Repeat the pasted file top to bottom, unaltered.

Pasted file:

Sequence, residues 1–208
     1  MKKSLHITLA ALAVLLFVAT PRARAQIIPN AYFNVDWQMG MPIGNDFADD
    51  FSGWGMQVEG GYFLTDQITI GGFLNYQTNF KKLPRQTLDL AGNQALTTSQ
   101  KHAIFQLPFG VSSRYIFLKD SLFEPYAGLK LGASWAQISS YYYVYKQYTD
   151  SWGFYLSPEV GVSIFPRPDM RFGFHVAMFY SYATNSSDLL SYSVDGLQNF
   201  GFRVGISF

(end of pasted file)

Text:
Sequence, residues 1–208
     1  MKKSLHITLA ALAVLLFVAT PRARAQIIPN AYFNVDWQMG MPIGNDFADD
    51  FSGWGMQVEG GYFLTDQITI GGFLNYQTNF KKLPRQTLDL AGNQALTTSQ
   101  KHAIFQLPFG VSSRYIFLKD SLFEPYAGLK LGASWAQISS YYYVYKQYTD
   151  SWGFYLSPEV GVSIFPRPDM RFGFHVAMFY SYATNSSDLL SYSVDGLQNF
   201  GFRVGISF